crossing between parental lines and production of F1
Commercial hybrid seed production demands crossing technique which is easy and also economic to maintain parental lines. Only few crossing mechanisms have been adopted for commercial hybrid seed production they are;
Hand emasculation and pollination
Dicliny : monoecious and dioecious
These techniques are specific to crop floral biology and flowering behaviour. These techniques have their own advantages and disadvantages. Based on the crop behaviour and crossing technique have been adapted for production of hybrid seeds commercially.
Among different techniques self-incompatibility and sex expression have significance particularly in vegetable and flower hybrid seed production.
Hand emasculation and pollination:
Hybrid seeds are produced manually by modifying the plant structure by removal of male organ from female plant before anthesis. This system is possible only when the male and female parts of a single flower or plants are separate. This is being adopted in bisexual perfect flowers where the androecium is removal with case. By removing the anther column / or male part from female line, the sterility of female line is created and is dusted with the pollen of desired male parent.
Self-incompatibility is a mechanism which avoids self fertilization through recognition of self pollen in or on stigma on the female pistil. But when pollen from other plant carried by wind or insects are accepted and sets seeds.
Self-incompatibility will prevents self pollination (inbreeding) and promotes crosspollination (out breeding) and creates genetic variability. SI are seen in hermaphrodite and homomorphic flowers. Self-incompatibility is a widespread mechanism in flowering plants that prevents inbreeding and promotes outcrossing. The self-incompatibility response is genetically controlled by one or more multi-allelic loci, and relies on a series of complex cellular interactions between the self-incompatible pollen and pistil.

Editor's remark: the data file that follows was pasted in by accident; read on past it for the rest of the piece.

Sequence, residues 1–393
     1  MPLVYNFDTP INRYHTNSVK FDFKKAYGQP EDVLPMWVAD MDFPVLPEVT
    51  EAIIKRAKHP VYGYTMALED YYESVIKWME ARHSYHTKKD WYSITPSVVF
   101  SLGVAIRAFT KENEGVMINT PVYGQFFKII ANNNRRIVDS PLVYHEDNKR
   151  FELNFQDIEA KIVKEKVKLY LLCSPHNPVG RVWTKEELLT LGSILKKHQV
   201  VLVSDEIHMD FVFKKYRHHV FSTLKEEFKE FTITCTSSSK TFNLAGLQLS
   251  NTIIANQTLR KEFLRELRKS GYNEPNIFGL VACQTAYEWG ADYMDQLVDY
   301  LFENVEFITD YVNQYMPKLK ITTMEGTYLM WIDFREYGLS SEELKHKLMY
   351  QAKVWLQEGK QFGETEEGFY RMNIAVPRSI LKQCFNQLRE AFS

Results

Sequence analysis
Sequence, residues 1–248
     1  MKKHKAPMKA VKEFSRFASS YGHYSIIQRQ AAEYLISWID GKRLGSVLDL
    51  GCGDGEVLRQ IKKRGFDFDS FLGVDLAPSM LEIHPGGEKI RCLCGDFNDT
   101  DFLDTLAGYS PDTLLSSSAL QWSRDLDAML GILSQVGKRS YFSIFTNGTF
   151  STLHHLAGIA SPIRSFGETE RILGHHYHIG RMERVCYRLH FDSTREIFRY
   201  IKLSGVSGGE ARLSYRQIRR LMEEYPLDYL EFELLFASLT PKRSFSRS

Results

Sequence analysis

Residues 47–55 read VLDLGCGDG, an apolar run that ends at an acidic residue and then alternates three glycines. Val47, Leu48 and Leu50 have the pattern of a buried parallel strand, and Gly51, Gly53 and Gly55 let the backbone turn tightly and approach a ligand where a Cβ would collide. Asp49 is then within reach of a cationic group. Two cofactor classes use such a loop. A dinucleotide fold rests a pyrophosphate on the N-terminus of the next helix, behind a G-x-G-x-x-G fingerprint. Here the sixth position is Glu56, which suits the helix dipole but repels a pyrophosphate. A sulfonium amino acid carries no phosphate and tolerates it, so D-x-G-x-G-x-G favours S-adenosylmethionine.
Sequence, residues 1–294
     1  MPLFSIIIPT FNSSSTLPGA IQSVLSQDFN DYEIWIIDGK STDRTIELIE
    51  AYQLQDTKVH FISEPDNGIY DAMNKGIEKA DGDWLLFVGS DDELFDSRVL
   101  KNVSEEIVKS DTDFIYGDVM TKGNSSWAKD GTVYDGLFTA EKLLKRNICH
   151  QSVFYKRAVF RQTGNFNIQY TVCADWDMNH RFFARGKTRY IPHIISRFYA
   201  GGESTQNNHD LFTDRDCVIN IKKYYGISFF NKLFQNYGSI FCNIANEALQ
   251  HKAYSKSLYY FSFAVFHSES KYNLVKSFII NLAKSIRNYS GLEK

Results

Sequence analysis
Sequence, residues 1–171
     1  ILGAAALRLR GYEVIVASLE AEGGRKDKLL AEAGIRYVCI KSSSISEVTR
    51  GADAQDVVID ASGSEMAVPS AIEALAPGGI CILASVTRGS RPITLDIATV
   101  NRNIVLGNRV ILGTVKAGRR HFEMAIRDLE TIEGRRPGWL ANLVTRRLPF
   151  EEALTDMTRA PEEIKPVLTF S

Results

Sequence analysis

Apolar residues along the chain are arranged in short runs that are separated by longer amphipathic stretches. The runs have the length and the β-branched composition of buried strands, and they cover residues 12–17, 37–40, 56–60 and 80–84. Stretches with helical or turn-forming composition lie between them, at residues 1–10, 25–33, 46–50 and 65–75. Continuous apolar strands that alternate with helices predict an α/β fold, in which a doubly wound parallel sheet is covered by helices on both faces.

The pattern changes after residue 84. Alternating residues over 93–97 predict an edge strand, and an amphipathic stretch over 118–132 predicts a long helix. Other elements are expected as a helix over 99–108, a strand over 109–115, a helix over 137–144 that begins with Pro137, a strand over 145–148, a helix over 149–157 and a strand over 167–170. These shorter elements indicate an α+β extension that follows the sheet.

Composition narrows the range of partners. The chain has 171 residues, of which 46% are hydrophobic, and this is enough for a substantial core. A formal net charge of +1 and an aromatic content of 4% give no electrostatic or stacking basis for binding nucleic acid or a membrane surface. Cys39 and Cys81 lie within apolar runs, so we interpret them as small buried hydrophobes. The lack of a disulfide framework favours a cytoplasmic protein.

Types of Self-Incompatibility (SI)
In this system flowers are of different morphology of the reproductive parts. The morphological differences can be seen visibly in flowers this will coincide with crossibility. The characters affecting this type of SI are style length, filament length, pollen size, exine sculpturing. The presence or absence of other SI mechanisms will not affect cross pollination in heteromorphic SI.
Heteromorphic distyle: eg., Primula
The flowers of primula have style at two different heights.Has two types of flowers
Thrum flower: short style and long anther
Pin flower: has short anthers and long style
But these two are cross compatible.
Pin x Pin (ss x ss) : Incompatible mating
Pin x Thrum (ss x Ss) : Compatible mating
Thrum x Pin (Ss x ss) : Compatible mating